Thanks to Kirkus Reviews for running this great Gregory McNamee feature: “Nobody goes there anymore,” the late Yogi Berra once said of a New York nightspot, adding, by way of explanation, “It’s too crowded.” It’s in that light that the title of New York journalist Ada Calhoun’s lively new book St. Marks Is Dead: The Many Lives of America’s Hippest Street should be read: for generations, she notes, the residents of “America’s hippest street” have lamented that its last, best days were sometime before the present, when rent was cheap, the wine flowed freely, and peace and love prevailed in the streets. Read the whole thing here.
Holy shit, everyone. That was the best night of my life save getting married and having a child. What I loved most was seeing 700 people from different eras of the street’s history, from teenagers to people in their eighties, all talking and drinking and laughing together in the place where Lincoln gave his “Right Makes Might” speech.
One photo contributor to the book wore an outfit she’d bought on the street in the 1960s and ran into the woman quoted in the book who had made it. Someone else told me, “I was hoping this guy I haven’t seen for 30 years would show up tonight, and he did. We’re having dinner tomorrow night.”
Here are a few of the articles I saw about the party: Bedford+Bowery, Untapped Cities, Brooklyn Vegan, The Guardian, SavetheVillage. I especially love this line from The Observer: “The neighborhood may not be what it used to be, but, at least for the night, a lot of people were happy to gather and remember the way it once was, and imagine what it might become.” (more…)
St. Marks Is Dead: The Many Lives of America’s Hippest Street, by Ada Calhoun (W.W. Norton, November 2). St. Marks Place just hasn’t been the same since the artists left, or the anarchists, or the Lenape. This three-block free-for-all, currently dominated by crude T-shirts and cheap sushi, has always been the subject of some old-timer’s nostalgia. Calhoun, who grew up there, wisely makes the strip’s perpetual over-ness a core theme. Another is its never-changing status as a free zone for an ever-changing misfit parade. It was home to Warhol happenings, sure, and dirt-poor artists and savvy ragpickers, but also to Emma Goldman, Leon Trotsky, Ukrainian dissidents, religious heretics, and Jimmy “Rent Is Too Damn High” McMillan. Read the list here.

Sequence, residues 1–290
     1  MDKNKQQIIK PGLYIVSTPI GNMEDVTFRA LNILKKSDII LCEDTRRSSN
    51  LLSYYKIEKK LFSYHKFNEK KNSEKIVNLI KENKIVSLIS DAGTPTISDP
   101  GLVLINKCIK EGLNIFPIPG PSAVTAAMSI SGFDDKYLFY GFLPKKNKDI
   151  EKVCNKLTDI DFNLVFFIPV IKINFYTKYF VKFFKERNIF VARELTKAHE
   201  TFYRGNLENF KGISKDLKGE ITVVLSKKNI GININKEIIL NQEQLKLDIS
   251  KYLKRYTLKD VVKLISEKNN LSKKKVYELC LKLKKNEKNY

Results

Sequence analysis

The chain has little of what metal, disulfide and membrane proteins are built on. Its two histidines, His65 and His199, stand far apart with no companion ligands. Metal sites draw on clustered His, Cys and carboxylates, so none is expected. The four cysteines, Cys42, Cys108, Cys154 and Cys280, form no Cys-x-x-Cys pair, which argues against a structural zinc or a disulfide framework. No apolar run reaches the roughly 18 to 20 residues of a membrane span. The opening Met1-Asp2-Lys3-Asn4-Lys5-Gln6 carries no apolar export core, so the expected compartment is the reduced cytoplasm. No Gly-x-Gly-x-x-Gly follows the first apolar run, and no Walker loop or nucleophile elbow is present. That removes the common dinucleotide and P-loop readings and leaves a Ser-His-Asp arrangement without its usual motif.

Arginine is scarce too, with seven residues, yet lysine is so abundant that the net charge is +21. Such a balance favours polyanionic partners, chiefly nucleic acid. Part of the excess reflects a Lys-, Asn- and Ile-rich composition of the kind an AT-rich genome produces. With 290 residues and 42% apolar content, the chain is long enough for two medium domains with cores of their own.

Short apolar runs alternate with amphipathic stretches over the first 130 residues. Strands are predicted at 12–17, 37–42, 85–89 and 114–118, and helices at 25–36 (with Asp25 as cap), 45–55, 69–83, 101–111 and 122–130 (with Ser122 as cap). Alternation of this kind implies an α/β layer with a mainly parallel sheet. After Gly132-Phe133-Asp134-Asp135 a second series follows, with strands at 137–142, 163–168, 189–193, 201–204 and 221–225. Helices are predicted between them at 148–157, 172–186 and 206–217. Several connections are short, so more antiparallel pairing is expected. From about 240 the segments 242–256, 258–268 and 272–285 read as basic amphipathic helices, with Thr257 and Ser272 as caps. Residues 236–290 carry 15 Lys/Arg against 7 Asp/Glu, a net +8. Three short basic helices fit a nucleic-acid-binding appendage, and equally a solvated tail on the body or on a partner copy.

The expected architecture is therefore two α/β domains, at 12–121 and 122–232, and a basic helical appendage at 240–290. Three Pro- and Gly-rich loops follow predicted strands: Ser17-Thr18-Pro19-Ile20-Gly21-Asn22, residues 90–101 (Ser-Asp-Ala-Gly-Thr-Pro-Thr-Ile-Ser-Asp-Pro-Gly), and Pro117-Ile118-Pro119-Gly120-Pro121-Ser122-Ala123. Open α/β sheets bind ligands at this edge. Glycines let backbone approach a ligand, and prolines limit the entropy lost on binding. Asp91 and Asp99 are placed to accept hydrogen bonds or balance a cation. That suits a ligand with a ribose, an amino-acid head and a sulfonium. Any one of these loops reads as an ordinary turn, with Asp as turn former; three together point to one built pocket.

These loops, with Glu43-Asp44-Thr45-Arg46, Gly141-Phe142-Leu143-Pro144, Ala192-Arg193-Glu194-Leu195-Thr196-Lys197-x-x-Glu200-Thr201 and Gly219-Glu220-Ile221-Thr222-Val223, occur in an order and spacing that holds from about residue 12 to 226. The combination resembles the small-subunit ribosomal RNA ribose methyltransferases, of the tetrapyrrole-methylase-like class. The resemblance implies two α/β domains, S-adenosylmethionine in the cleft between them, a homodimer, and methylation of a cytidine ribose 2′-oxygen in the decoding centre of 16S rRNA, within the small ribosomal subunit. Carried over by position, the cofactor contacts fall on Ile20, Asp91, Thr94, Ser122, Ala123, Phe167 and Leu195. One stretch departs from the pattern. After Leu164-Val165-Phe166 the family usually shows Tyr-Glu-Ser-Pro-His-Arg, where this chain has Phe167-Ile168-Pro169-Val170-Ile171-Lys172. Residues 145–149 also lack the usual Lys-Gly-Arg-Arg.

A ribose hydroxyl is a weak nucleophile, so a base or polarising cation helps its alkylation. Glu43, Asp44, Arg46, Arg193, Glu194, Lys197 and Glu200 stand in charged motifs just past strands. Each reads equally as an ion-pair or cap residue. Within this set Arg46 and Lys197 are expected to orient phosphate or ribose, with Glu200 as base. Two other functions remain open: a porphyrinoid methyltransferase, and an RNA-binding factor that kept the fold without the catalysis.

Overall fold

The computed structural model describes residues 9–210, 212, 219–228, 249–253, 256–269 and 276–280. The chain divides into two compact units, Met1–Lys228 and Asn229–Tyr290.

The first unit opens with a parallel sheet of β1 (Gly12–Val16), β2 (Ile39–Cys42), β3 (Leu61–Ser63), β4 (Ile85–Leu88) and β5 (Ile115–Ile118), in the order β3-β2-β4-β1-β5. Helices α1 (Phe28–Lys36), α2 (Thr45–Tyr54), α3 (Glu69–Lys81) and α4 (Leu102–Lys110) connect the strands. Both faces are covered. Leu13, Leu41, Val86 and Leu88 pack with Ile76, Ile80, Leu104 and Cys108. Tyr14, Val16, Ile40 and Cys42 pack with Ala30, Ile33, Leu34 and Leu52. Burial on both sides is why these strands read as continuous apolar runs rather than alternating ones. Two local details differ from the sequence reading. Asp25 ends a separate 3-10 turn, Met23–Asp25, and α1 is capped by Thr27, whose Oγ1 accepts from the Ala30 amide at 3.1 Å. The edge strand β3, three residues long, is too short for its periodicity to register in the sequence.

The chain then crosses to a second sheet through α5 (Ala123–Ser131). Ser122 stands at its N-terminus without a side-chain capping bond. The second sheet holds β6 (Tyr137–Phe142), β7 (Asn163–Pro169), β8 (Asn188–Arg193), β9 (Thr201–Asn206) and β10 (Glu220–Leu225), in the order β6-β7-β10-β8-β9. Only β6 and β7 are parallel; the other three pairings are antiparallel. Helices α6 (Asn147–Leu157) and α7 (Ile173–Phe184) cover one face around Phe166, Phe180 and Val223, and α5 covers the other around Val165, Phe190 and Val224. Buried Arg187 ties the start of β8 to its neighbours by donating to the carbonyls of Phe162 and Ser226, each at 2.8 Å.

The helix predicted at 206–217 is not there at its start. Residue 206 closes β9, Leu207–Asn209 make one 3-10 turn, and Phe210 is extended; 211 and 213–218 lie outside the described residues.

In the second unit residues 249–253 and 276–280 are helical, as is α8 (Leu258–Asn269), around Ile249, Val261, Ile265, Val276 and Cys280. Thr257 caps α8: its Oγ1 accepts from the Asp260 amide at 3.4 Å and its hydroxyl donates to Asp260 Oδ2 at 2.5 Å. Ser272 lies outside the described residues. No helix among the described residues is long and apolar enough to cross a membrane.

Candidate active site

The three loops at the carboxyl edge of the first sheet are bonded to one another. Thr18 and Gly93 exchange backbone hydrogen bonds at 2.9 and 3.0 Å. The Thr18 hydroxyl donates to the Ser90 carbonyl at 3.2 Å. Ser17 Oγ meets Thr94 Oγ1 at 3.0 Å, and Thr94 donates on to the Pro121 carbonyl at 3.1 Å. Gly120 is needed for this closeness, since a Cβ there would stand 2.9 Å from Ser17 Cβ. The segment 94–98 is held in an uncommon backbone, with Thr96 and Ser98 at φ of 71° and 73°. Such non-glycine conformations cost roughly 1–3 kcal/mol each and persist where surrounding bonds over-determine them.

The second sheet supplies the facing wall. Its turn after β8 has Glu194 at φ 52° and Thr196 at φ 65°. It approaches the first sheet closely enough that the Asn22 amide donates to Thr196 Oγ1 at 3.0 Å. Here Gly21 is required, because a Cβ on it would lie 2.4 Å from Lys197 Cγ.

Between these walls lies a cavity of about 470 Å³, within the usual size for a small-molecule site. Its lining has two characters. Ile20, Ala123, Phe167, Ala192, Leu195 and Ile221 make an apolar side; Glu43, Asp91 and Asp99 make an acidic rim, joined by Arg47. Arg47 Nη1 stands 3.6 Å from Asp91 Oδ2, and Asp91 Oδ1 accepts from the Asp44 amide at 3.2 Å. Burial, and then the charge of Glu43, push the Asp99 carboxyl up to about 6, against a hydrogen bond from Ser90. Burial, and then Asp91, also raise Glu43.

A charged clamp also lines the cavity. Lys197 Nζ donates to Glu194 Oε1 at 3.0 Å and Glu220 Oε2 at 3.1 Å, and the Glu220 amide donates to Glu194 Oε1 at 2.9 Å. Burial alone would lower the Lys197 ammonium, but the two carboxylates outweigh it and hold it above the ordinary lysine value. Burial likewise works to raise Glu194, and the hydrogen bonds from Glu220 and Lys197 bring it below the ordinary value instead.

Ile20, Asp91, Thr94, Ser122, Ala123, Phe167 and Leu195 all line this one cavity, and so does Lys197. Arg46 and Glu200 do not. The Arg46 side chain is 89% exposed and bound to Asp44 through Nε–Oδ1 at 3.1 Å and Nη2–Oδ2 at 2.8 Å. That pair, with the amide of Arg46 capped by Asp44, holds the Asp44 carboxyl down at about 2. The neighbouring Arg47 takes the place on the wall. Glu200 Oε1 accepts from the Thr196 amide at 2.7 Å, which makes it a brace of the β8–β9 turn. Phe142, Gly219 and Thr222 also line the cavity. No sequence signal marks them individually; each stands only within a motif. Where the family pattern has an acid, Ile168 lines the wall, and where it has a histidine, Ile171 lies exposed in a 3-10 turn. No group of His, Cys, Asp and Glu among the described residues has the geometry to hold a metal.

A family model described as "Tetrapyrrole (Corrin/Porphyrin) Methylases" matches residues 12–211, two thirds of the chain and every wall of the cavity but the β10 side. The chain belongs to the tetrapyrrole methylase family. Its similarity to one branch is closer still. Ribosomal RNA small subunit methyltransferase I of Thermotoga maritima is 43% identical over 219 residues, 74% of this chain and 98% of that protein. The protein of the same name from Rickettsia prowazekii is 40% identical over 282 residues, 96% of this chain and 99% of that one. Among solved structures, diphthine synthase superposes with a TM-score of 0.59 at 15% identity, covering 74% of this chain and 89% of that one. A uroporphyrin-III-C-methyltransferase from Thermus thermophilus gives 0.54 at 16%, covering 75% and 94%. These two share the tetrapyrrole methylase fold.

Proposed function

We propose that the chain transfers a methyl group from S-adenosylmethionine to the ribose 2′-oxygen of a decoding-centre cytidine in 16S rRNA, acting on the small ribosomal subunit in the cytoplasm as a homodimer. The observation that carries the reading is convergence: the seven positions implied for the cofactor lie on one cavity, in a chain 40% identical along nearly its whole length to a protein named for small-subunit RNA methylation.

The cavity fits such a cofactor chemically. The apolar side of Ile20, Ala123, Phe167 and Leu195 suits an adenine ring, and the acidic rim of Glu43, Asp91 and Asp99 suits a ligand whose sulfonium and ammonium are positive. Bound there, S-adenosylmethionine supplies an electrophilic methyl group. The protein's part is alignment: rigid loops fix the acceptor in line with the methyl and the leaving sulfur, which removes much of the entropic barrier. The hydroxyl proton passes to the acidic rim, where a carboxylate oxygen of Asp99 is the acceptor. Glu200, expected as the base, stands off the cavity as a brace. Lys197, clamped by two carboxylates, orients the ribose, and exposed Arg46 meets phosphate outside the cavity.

John McMillian, writing for The Atlantic, calls St. Marks Is Dead: “Timely, provocative, and stylishly written …Calhoun’s book serves as a welcome corrective to that rallying cry [that gentrification is bad], and to the tendency to romanticize New York City in the 1970s, when the city was far more riotous and permissive than it is now. … Her aplomb, in fact, is precisely what the discussion needs. Her portrait of neighborhood resilience might suggest more temperate proposals for an increasingly polarized debate.” Read the rest here. He hsa lots of great lines, like this: “Residents of St. Marks Place lamented that the street was never quiet, not even in the middle of the night (especially not in the middle of the night).”
William Warder Norton launched his publishing company in 1923 with “Lectures in Print” pamphlets at Cooper Union, at the western end of St. Marks Place. Nearly a century later, his house has given this book the best of all possible homes. My wise and creative editor, Tom Mayer, had me rewrite this book several times without making me hate him. He did this by always being right, and by offering advice like, “Read a few August Wilson plays and think about the structure of one-set drama,” which is sort of the opposite of what editors usually say two years into a book project.
I think there’s more to these “the city is dead now” complaints than money. People have pronounced St. Marks Place dead many times over the past centuries — when it became poor, and then again when it became rich, and then again when it returned to being poor, and so on. My theory is that the neighborhood hasn’t stopped being cool because it’s too expensive now; it stops being cool for each generation the second we stop feeling cool there. Any claim to objectivity is clouded by one’s former glory. Read the whole op-ed here.
The New Yorker has published the first serial excerpt of St. Marks Is Dead.
“You grew up on St. Marks Place?” people sometimes ask me, as if they didn’t know children could. Or, “You grew up on St. Marks Place?” implying that I seem too normal to come from a place known for Mohawks and tattoo parlors. Then, invariably, these strangers pity me for having missed the street’s golden era. St. Marks bohemians—those who were Beats in the fifties, hippies in the sixties, punks in the seventies, or anarchists in the eighties—often say that the East Village is dead now, with only the time of death a matter of debate. New Yorkers are street-proud, and every neighborhood invites its share of good-old-days lamenting. But just as St. Marks Place has long been an amplified corner of the city—louder, drunker, more garish than its neighbors—today it seems to evoke a more intense nostalgia.
Read the whole thing here.
5. MR. ZERO
Calhoun writes, “He is arguably the first example of an East Village type that endures today: a man selling a colorful myth about his role in the world that’s more fun than the reality.”
Urbain J. Ledoux fed the homeless and indigent in the ‘20s, earning the name Zero by representing himself as “nothing but bread and water.” He got an audience with President Warren G. Harding, who “denied Ledoux’s request to publish a list of those who had profited most from the war.” When Mr. Zero left St. Marks for South America, he owed $7,345 in back rent (a million in 2015 dollars).
Read the whole thing here.